United States District Court, S.D. Indiana, Indianapolis Division
M. Ali ATTORNEY AT LAW
Benjamin C. Ellis INDIANA ATTORNEY GENERAL
Benjamin Myron Lane Jones INDIANA ATTORNEY GENERAL
ORDER ON DEFENDANTS' MOTION FOR SUMMARY
EVANS BARKER, UNITED STATES DISTRICT COURT JUDGE
cause is before the Court on Defendants' Motion for
Summary Judgment [Dkt. 34], filed on June 10, 2019. Plaintiff
Kevin Windle has brought this action against Defendants State
of Indiana (“the State”), Indiana State Police
(“ISP”), Darnell Ledsinger, Dan Herron, David
Salley, and Nathaniel Raney, alleging various constitutional
violations under 42 U.S.C. § 1983 as well as a state law
claim for intentional infliction of emotional distress.
Defendants have moved for summary judgment on all claims
alleged in the Complaint, with the exception of the excessive
force claim alleged against Defendants Raney and Salley. For
the reasons detailed below, we GRANT IN PART and DENY IN PART
April 20, 2016, Mr. Windle attended a political rally for
then-presidential candidate Donald Trump at the Indiana State
Fairgrounds (“the Rally”). No. surprise, a number
of protesters attended the Rally as well. At the end of the
Rally, as Mr. Windle was returning to his vehicle in the
parking lot, an unknown individual or individuals in the
crowd knocked the sign he was carrying out of his hand, spit
on him, and kicked him.
to Mr. Windle, he saw a man wearing “a Butler
t-shirt” in the crowd who was also being harassed by
“this mob of people [who] were all screaming fuck Trump
and poking [the man] and hitting him and putting the flag
around his head.” Windle Dep. at 12-13. Mr. Windle
“gave one of the guys the finger and told him to leave
[the man] the fuck alone or something to that nature.”
Id. In video footage of the incident, Mr. Windle is
seen flashing his middle finger at a woman wearing a light
blue dress and at another person wearing a black hoodie
sweatshirt and a mask and carrying a skateboard. Defs.'
these events unfolded, Lt. Ledsinger of the Indiana State
Police moved through the crowd toward the disturbance,
yelling to Mr. Windle and the protestors to step back.
Several protesters attempted to grab Mr. Windle's arm
and, he contends, hit, slapped, and poked him. An unknown
individual pulled Mr. Windle's hat off his head,
prompting Mr. Windle to reach out and move in the direction
of that person. Lt. Ledsinger reached Mr. Windle at this
point, extended his arms and separated Mr. Windle and the
other man as they were yelling at each other. In an effort to
control the situation, Lt. Ledsinger shouted instructions to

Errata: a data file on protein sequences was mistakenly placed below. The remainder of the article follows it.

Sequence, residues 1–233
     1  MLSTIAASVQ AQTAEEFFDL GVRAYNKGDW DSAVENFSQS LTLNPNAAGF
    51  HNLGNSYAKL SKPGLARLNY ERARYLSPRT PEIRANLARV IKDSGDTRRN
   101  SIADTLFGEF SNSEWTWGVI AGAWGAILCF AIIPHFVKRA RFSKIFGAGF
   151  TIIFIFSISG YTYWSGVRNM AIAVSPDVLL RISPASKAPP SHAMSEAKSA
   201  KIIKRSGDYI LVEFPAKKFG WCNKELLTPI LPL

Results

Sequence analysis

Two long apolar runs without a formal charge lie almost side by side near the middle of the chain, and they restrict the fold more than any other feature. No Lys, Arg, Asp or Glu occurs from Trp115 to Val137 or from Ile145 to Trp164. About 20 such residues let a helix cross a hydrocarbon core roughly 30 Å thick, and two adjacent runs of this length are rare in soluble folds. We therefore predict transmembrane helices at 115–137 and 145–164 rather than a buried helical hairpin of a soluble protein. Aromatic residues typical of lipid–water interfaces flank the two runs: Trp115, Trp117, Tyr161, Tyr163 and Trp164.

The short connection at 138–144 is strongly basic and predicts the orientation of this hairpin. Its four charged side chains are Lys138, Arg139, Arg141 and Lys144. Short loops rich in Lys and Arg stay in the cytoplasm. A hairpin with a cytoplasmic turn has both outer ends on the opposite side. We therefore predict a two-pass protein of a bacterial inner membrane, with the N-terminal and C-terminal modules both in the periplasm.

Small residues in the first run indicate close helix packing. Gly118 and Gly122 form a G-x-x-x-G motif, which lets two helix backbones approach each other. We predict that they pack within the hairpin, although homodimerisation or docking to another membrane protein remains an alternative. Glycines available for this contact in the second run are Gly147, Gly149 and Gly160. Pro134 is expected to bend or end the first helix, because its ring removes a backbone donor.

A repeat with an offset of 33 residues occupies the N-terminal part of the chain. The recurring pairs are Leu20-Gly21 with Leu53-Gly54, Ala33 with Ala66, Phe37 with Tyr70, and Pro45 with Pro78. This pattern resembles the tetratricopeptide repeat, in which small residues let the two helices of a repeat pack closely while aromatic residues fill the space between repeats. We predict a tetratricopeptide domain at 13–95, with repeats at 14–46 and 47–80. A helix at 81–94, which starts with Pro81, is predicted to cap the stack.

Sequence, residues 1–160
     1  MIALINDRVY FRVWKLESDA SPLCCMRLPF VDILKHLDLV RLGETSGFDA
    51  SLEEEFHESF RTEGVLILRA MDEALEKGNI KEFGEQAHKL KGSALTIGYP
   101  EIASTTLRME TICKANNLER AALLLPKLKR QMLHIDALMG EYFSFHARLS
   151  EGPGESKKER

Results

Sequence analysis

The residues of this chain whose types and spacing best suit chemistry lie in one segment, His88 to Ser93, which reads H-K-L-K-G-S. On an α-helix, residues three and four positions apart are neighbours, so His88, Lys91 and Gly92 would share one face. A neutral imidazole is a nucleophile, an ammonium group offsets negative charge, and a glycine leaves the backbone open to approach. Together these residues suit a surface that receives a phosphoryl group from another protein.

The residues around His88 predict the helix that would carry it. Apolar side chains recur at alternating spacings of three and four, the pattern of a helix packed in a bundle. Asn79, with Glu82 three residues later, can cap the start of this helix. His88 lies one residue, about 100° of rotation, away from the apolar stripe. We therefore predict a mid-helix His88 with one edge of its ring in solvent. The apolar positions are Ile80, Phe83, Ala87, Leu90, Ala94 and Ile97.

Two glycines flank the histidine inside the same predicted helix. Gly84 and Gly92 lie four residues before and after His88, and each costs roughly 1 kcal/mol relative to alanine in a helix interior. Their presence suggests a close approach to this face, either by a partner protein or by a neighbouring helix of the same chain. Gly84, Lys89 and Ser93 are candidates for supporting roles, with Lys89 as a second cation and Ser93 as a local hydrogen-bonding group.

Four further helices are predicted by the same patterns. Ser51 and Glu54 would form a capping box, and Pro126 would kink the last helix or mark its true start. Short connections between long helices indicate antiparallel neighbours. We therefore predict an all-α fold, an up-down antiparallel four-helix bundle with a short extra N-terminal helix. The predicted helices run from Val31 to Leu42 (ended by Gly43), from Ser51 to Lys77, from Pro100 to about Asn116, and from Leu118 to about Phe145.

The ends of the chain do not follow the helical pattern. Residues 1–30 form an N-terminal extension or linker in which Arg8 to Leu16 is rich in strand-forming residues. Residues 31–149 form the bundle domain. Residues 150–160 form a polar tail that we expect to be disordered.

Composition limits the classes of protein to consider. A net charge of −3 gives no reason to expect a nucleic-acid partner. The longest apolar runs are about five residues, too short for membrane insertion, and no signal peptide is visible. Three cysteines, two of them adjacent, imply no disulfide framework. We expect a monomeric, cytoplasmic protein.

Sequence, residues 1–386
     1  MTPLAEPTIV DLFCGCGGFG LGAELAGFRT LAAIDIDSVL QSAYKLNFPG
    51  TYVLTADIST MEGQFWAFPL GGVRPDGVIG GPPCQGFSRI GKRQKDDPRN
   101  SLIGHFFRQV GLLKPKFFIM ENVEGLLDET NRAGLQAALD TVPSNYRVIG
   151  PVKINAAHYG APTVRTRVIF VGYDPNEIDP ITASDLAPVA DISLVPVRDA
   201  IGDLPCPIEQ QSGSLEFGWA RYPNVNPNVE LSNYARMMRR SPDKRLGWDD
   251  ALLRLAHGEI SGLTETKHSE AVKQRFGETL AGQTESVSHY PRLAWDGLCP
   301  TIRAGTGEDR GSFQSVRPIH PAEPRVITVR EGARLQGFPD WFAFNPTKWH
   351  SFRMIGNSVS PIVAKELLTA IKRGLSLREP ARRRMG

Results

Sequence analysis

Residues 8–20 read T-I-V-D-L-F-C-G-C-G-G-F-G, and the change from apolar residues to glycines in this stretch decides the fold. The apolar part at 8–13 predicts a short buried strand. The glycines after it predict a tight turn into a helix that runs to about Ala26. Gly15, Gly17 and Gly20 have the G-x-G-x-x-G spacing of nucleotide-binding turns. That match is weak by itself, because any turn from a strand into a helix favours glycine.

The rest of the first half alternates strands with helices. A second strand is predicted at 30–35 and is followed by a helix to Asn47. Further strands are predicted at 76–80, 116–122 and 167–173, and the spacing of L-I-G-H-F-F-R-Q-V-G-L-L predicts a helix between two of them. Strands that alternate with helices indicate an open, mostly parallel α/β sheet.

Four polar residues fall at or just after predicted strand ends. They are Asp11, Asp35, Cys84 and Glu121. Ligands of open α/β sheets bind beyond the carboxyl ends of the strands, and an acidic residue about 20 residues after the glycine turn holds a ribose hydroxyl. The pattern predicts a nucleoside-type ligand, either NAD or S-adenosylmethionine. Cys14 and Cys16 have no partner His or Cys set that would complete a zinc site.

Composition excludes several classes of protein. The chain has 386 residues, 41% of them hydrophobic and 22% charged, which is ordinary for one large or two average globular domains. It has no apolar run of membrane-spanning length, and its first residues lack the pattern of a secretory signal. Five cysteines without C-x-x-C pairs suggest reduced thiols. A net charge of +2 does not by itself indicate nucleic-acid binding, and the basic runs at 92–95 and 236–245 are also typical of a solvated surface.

the men to “get back.” Defs.' Exh. 6. Mr.
Windle and a man wearing a polo shirt continued to argue as
Lt. Ledsinger stood between them with his arms extended in an
attempt to keep them separated. At approximately this point,
two plainclothes Indiana State Troopers, Defendants Trooper
Raney (wearing a gray shirt) and Det. Salley (wearing a green
shirt), along with three uniformed Indiana State Troopers,
including Defendant Trooper Herron, approached the scene from
behind Lt. Ledsinger.
Windle continued pointing and shouting at the man who had
taken his hat, shaking off various individuals in the crowd
who were trying to restrain him. According to Mr. Windle, he
was attempting to identify for Lt. Ledsinger the man who had
taken his hat. Lt. Ledsinger turned toward Mr. Windle and
with his hands on Mr. Windle's chest, began walking him
backward, pushing him away from the crowd to a location
between parked vehicles in the parking lot. In the process of
being walked backward, Mr. Windle stumbled and then fell
straight back onto the concrete. Unable to brace himself with
his hands as he fell, he hit his head on the pavement.
Defendants contend that Mr. Windle's fall occurred as a
result of his having simply lost his balance, but Mr. Windle
claims that his fall was caused by Lt. Ledsinger pushing him
roughly in the chest with both hands and “slam[ming
him] to the ground.” Windle Dep. at 197.
Windle fell, Trooper Raney and Det. Salley rushed in to
assist behind Lt. Ledsinger. When Trooper Herron saw two men
in street clothes coming up behind Lt. Ledsinger, he mistook
them as non-law enforcement and ran over to assist Lt.
Ledsinger, in the process shoving Trooper Raney with both
hands and knocking him to the ground on top of Mr. Windle.
No. video footage depicting what transpired after this point
is available, as far as we have been told. According to Mr.
Windle, Trooper Raney, Det. Salley, and Trooper Herron all
jumped on top of him while he was on the ground, grabbed his
legs and twisted them; one of the men put a knee in his back
and pressed down on his neck and head so that his face was